Caring for someone with SB can be challenging given the daily responsibilities associated with the condition, including medical advocacy and nursing among other things [23].

This review demonstrates the impact of SB, specifically myelomeningocele, on caregivers, and focuses on caregivers’ thoughts and perceptions to gain a better understanding of caring for someone with SB.


Literature Review

This current literature review was part of a larger search strategy designed to review literature on the overall holistic impact of NTDs and was conducted using a standard systematic approach. The search strategy was implemented using electronic databases (PubMed, PsycINFO, and Embase) to identify relevant studies from January 1976 to November 2010, using the search terms detailed in Table 1.

Table 1 Search terms

Internet searches of family caregiver associations and societies were also conducted to access information from grey literature (i.e., unpublished literature, or literature that did not emerge from the main electronic database searches); these included the Association for Spina Bifida and Hydrocephalus (UK), the Spina Bifida Association (US), the Scottish Spina Bifida Association (UK), and Spina Bifida Family Support (US).

Inclusion and Exclusion Criteria

When the search was finished, all titles and abstracts were screened for possible inclusion in the study by two independent researchers (LM, RH). To satisfy the inclusion criteria, selected abstracts included an appropriate clinical term of interest (Table 1), and a term that related to caregiving (e.g., “family impact” or “burden”). The review pool was restricted to English language studies, human subjects, and articles published from January 1976 to November 2010. All letters and foreign language studies were excluded. The selected studies contained keywords in the title or abstract. Disagreement was resolved by discussion between the two reviewers and another researcher on the project (DR or LA). Studies were excluded only if the reviewers could be sure that they did not fulfill the criteria.

Ranking Process

Due to the high number of seemingly relevant articles, abstracts were systematically ranked in terms of relevance according to three criteria: (1) journal articles that included terms of interest in the title and abstract, and with SB as the main focus of the article; (2) journal articles that included terms of interest as secondary or exploratory analyses; and (3) abstracts that were supportive but contained no empirical data. Articles that were ranked 1 were included in the review and all others were excluded.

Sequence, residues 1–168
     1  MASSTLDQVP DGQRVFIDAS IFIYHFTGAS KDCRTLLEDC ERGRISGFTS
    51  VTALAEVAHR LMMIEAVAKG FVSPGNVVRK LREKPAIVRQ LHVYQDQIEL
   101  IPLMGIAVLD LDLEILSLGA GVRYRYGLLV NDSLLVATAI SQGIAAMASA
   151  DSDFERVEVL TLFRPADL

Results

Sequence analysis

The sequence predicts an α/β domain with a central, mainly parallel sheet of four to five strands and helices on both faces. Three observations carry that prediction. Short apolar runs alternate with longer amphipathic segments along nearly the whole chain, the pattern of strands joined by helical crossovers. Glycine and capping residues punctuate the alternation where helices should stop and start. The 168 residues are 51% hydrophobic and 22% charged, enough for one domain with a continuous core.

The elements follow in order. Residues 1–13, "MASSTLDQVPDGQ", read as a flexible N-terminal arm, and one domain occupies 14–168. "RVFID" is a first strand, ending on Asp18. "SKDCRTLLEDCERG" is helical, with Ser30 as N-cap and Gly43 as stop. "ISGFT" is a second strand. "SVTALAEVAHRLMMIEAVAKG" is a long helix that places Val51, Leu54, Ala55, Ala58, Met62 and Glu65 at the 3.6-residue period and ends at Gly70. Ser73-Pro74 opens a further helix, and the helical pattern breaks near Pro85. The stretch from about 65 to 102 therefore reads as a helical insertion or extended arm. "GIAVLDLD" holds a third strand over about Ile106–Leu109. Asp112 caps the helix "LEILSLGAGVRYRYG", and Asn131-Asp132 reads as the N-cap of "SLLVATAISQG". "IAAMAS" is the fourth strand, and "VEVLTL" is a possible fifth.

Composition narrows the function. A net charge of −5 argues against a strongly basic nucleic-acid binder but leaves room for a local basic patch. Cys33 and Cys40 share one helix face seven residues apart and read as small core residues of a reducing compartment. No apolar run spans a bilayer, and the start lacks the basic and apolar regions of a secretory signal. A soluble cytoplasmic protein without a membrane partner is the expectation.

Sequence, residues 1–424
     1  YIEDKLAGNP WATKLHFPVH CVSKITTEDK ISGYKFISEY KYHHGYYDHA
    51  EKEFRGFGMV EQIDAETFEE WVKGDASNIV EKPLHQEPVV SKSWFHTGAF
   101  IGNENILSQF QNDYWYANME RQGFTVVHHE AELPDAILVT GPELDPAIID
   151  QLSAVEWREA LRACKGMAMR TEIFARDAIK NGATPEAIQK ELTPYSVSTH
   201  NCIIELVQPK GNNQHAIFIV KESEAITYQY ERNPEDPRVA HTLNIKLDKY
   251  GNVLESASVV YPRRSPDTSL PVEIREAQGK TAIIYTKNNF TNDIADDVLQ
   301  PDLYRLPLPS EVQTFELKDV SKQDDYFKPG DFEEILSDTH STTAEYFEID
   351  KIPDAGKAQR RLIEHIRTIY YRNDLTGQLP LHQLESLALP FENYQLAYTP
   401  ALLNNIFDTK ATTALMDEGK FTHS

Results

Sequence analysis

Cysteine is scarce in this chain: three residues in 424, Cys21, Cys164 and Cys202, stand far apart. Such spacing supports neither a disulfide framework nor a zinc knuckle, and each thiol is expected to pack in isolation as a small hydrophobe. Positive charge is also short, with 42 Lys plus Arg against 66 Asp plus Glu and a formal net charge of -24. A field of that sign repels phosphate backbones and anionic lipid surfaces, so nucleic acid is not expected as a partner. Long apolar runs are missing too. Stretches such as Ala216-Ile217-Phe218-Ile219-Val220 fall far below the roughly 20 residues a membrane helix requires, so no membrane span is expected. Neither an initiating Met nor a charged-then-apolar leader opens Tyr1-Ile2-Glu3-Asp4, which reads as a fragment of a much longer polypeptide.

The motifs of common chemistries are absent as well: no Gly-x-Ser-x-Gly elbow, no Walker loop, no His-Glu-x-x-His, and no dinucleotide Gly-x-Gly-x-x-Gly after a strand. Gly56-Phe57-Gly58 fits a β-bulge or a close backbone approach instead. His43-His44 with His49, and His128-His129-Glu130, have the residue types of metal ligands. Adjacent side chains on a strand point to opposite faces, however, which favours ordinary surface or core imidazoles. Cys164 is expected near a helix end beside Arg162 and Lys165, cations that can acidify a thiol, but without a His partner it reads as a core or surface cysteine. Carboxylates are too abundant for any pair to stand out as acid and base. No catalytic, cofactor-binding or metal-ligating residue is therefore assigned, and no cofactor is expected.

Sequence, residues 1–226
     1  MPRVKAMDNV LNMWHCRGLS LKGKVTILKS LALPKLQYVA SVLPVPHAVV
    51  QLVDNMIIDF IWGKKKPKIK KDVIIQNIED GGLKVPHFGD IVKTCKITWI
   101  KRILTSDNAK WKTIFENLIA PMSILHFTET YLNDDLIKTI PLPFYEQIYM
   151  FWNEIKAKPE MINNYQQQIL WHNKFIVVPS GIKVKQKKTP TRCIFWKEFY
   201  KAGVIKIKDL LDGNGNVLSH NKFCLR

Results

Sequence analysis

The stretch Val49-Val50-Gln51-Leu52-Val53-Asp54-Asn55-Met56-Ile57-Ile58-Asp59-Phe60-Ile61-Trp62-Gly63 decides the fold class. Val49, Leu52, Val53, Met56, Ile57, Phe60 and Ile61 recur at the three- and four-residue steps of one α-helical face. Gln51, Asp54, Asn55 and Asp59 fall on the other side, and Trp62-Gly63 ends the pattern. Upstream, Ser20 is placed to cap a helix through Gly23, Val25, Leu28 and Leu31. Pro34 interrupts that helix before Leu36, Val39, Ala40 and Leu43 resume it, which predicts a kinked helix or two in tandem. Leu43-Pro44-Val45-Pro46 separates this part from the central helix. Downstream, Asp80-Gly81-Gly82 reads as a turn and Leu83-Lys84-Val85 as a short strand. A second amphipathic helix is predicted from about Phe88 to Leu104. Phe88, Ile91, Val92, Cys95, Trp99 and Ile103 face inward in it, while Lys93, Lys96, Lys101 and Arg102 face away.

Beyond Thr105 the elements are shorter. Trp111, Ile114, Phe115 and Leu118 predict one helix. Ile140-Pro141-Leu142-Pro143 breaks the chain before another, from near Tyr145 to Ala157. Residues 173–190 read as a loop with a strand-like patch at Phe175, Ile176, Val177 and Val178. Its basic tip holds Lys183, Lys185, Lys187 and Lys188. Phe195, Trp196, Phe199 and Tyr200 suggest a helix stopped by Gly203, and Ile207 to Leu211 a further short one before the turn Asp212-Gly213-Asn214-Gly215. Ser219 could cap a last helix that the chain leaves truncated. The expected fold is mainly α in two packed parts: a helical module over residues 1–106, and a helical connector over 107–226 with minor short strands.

Data Extrapolation

Following ranking of the searched articles, data extraction tables were created to extract information accurately on relevant features and results of the selected caregiver studies. The key components of the data extraction tables for consideration were general information relating to the first three authors, publication date, country of study, and reference; and specific information relating to the aims of the study, participant characteristics, sample size, study design, treatments, caregiver-reported outcomes, main caregiver-reported outcome results, and key points.

Data Analysis

Due to the nature of SB, both qualitative and quantitative data emerged, which were used collectively to identify the master themes. An interpretative phenomenological analysis (IPA) was applied to the qualitative data, an approach that reflects the issues unique to that individual’s experience [24]. The analysis process started by extrapolating quotes related to caregivers’ experiences from any of the studies that reported interviews, focus groups, or case studies. Emerging themes from the articles were grouped together into master themes.

The overall aim of an IPA is to translate themes into a narrative account by finding interesting and essential points to tell the audience. These verbatim extracts provide the evidence base for the thematic account and their inclusion provides a means of validation [25]. Quantitative data from questionnaires were analyzed separately and appropriately within the master themes.


Study Selection Process

As part of a larger study, 4,456 abstracts were screened, of which 4,288 were excluded due to the absence of search terms in either the title or the abstract. Of the remaining 168 abstracts, 25 articles related to caregivers of individuals with SB.

Four master themes emerged when comparing and contrasting study findings: initial diagnosis, living with an individual with an NTD, social support, and coping. Within each master theme, different aspects of caregivers’ lives were found to be affected by caring for a child with SB, including activities of daily living, work impact, time consumption, parental responsibilities, confidence, feelings and emotions, mental health, stress, social impact, psychological adjustment and relationships. The results are presented in more detail below and in Table 2 [2537].

Table 2 The impact of spina bifida on caregivers

Master Theme 1: Initial Diagnosis